But in the not-too-distant future, consumers may be singing a different tune.
The first problem with IPAs is purely processing power and capability: right now, they’re all relatively new technology and don’t always understand how to process, understand, and properly respond to human requests. Moore’s Law tells us that shouldn’t be a problem for too long.
The second problem is integration: Siri, Cortana, and Facebook’s M are limited because they’re essentially closed books. Yes, they can do an internet search and answer a question about where the closest restaurant is, but they can’t also make you a reservation there and call you an Uber at the right time.
But when IPAs get a little more open, things will change quickly. Viv, a new IPA from the creators of Siri, aims to accomplish this – and it claims that it’s IPA may be some 10,000 times more powerful than others. By making a more open IPA program and allowing it to interface with the APIs of other companies and services, Viv wants to create a product that can do everything for you: it can answer your questions, yes, but it can also call the Uber, make the reservation, or send the gift for you, all with just a command of your voice.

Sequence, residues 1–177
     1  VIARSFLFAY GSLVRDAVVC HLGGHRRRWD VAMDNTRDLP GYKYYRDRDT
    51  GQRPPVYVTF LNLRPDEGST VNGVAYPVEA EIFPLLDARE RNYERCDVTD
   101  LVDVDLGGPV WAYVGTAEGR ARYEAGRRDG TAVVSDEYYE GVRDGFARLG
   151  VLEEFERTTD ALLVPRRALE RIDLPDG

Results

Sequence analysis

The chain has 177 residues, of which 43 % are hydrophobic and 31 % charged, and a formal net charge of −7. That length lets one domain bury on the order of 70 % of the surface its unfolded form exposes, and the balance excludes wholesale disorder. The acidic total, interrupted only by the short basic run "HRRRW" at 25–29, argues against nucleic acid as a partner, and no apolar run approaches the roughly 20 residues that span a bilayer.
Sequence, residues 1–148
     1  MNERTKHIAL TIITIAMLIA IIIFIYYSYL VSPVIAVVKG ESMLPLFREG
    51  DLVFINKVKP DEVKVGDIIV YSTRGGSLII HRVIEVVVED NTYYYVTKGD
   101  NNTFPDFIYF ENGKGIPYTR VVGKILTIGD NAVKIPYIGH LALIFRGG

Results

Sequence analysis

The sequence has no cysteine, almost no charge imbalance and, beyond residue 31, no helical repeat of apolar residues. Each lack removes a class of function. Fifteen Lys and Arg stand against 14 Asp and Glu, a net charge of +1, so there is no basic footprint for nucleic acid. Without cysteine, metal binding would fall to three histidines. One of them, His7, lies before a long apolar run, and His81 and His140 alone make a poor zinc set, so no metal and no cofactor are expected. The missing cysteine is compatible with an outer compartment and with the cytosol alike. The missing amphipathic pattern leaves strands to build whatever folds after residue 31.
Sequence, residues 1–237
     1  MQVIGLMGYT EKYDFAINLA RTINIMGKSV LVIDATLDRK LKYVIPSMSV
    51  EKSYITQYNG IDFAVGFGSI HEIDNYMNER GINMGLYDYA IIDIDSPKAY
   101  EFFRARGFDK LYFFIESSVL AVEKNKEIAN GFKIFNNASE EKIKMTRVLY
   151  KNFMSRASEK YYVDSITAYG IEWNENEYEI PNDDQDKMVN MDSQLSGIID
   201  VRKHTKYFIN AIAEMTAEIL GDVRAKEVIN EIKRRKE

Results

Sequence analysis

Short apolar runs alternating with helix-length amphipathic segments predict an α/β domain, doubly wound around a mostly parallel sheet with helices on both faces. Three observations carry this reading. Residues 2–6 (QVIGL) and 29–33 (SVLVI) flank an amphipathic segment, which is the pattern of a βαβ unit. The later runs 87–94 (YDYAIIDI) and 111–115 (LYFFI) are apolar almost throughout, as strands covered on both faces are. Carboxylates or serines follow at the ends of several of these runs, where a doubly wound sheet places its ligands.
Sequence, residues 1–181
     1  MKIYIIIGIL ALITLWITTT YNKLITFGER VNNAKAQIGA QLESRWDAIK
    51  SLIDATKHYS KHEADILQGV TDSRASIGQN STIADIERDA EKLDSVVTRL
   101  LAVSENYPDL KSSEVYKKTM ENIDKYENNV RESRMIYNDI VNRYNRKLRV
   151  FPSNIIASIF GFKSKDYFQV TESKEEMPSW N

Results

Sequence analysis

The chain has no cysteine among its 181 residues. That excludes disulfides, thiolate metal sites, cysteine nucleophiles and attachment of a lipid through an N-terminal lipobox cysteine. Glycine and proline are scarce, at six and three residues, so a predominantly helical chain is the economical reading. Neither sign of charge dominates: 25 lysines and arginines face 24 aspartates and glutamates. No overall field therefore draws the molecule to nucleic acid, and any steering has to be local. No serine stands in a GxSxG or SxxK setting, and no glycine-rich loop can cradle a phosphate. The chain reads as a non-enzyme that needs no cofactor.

In fact, the rise of IPAs will likely usher in a new era in how we do businesses. At Tom Anthony argues in a brilliant blog post on Moz, IPAs may one day replace business websites.
Before the internet, the main way that consumers interacted with companies was over the phone: you’d call a company to find out their hours, check if they had a product, or make a reservation or appointment.
The Internet changed all of that. Instead of using a phone, all consumers have to do is go on a company’s website to find out virtually any information they need – information they used to need to place a call to find.
IPAs have the potential to bring about another paradigm shift in business to consumer communication. Instead of having to find and search through a company’s website, IPAs allow you to just ask the question to your phone.
“Does the cafe near my house serve flat whites?
“Does my doctor have any availability for an appointment this Thursday?”
“Is the new iPhone out yet?”
The IPA can tell you this information, sure. The difference is that with an open IPA that integrates with other businesses, the IPA can actually place an order, reserve an appointment, or buy the product for you. All of a sudden, consumers aren’t interfacing with companies through official websites. They’re doing it all through an automated intelligent personal assistant.